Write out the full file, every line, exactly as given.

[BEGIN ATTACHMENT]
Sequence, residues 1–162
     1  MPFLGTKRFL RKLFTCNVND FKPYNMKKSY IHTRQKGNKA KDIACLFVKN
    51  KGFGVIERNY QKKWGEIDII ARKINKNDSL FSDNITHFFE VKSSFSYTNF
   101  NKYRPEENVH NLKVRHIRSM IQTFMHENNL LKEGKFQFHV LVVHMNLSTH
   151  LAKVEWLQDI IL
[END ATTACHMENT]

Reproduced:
Sequence, residues 1–162
     1  MPFLGTKRFL RKLFTCNVND FKPYNMKKSY IHTRQKGNKA KDIACLFVKN
    51  KGFGVIERNY QKKWGEIDII ARKINKNDSL FSDNITHFFE VKSSFSYTNF
   101  NKYRPEENVH NLKVRHIRSM IQTFMHENNL LKEGKFQFHV LVVHMNLSTH
   151  LAKVEWLQDI IL